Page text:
It’s a holiday performance that promises to be practically perfect in every way.
Vocalist/actress Ashley Brown, who originated the role of everyone’s favorite nanny in the Broadway production of “Mary Poppins,” comes to Ogden this week for a concert with the Utah Symphony.
“A Broadway Christmas with Ashley Brown” will be presented at 7:30 p.m. Thursday, Dec. 5, in the Browning Center at Weber State University, in Ogden. The concert is sponsored by Onstage Ogden.
It’s the same show Brown debuted last year at Carnegie Hall with the New York Pops. Last year’s tour included the Atlanta Pops, the Cincinnati Pops and the National Symphony. This year’s stops include the Utah Symphony and Pittsburgh Symphony Orchestra.
The concert will be heavy on holiday favorites, with new takes on classic arrangements.
In a recent telephone interview with the Standard-Examiner, Brown said the concert will be a mix of both heartfelt songs/memories and “just plain fun, sing-along good times.”
“My goal — and I think why the show is successful — is it’s a mix of the songs that make you feel and reminisce,” Brown said. “You have these musical memories that bring you back to specific moments in your life. I think that’s why people respond to these songs at the holidays, and why they don’t get sick of them. It’s so much fun to bring you back to the ‘kid days.’”
Along with the Utah Symphony, Brown will be joined onstage by the Salt Lake City-based Madeleine Choir School.
“This concert uses the orchestra so beautifully, and we have a big choir with us, too,” Brown said.
A personal highlight for Brown will be a medley of holiday hits by the likes of Mariah Carey, the Beatles and Dolly Parton.
“When I was putting this show together, I said I wanted something for Carnegie Hall that these walls have never heard,” Brown said. “It’s what I call a ‘guilty pleasure medley.’”
This will be Brown’s debut with the Utah Symphony.
Brown found her love of music at an early age, singing in church in her home town of Gulf Breeze, Florida.
“Church is where I found my voice,” she says.
Brown has a particular affinity for the song “O Holy Night,” which she sang every Christmas Eve at church, starting from the time she was just 6 or 7 years old.
“It became a tradition, and I continue to love singing that song,” she said. “In fact, whenever I’m able to be home in Gulf Breeze, Florida, for Christmas Eve, I still sing it there. And it’s the same people in the same pews — I’m literally turning into a kid again.”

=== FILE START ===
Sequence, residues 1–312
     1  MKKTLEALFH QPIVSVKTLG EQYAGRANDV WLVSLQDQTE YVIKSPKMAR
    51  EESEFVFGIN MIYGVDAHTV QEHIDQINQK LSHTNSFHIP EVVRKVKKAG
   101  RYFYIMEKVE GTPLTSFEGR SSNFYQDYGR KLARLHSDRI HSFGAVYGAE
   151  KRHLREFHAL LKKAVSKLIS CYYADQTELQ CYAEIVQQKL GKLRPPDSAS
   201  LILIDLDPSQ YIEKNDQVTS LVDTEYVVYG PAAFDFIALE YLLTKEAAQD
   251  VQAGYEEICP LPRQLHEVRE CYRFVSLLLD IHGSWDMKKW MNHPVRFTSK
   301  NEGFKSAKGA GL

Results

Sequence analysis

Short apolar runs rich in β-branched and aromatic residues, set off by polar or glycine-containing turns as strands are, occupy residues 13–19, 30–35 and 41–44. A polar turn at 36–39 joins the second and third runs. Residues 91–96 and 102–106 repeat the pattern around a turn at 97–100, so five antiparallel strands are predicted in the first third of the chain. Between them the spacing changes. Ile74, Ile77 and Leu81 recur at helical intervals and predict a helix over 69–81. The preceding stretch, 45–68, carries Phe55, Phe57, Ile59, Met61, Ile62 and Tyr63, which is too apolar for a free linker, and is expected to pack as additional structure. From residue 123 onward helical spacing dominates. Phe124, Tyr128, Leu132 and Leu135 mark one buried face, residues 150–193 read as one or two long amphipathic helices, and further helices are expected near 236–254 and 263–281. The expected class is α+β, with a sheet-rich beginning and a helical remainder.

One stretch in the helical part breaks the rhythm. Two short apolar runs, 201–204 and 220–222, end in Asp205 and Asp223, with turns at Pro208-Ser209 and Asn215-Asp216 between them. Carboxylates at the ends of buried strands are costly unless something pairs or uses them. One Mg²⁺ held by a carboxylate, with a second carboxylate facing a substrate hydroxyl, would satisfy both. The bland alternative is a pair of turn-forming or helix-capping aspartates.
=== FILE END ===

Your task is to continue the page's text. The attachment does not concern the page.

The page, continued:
Brown is the only one in her family with any musical ability, so the idea of singing on Broadway always felt like a long shot.
“In my little town, we didn’t know anybody on Broadway, so it was just a dream,” Brown said. “Nobody in my family can sing or is musical — I came out of left field.”
She calls her current profession a “dream come true.”
“Since I was a little kid I’ve wanted to do this,” she said.
Of course, even dreams aren’t without their sacrifices. While Brown insists that Thanksgiving is the one time she doesn’t travel and stays home with the family — the calm before the storm of holiday concerts, she calls it — the singer pretty much lives in airports and hotels during December. It’s a stressful time, filled with potential weather-related travel delays and the constant specter of a crippling winter virus for a woman who makes her living with her voice.
“It’s a lot of deep-breathing for me in December,” Brown concedes.
She carries plenty of vitamins and medicines with her, and admits that she’s something of a health nut.
“If I could wrap myself in bubble wrap, with just one hole to breathe, I’d do it,” she said. “I’m such a germophobe — wandering around the airport with my disinfectant wipes.”
But Brown believes that vigilance has paid off. She’s been “very lucky” not to have gotten sick during these tours.
“Of course, I’m also one of those people you’d have to put me on a stretcher and I’d still go out there and take a shot at it,” she confesses.
So, what has this mother of a toddler learned from her Broadway role as ultimate child-care guru Mary Poppins? Any tricks that she uses at home?
“Mary Poppins has a line, ‘I never explain anything,’” Brown said. “So when my 3-year-old asks ‘why-why-why-why,’ I say ‘Because I said so.’ That can be an OK answer. I love how Mary Poppins is unapologetically who she is: I know who I am, and I’m a good person — take it or leave it.”
So, when Brown is at home, does her daughter get a famous Broadway actress singing her to sleep?
“Always, always, always,” Brown sajd. “But it’s all she’s known, so she doesn’t think it’s that great. It’s just, like, ‘There goes mom again.’ She’s immune to it.”
Often, Brown will practice singing lyrics for a show in which she’s been cast to her daughter at bedtime.
Of course, sometimes that doesn’t work.
“I was singing some Sondheim song, and I’m sure my daughter was, like, ‘Oh, please. Give it a rest,’” she recalls. “But I remember the song mentioned death, and I thought ‘Maybe this isn’t the best choice for a bedtime song.’”
Brown recently released as eight-song CD, “The Secret of Christmas,” that will be available, for $5, at Thursday’s concert.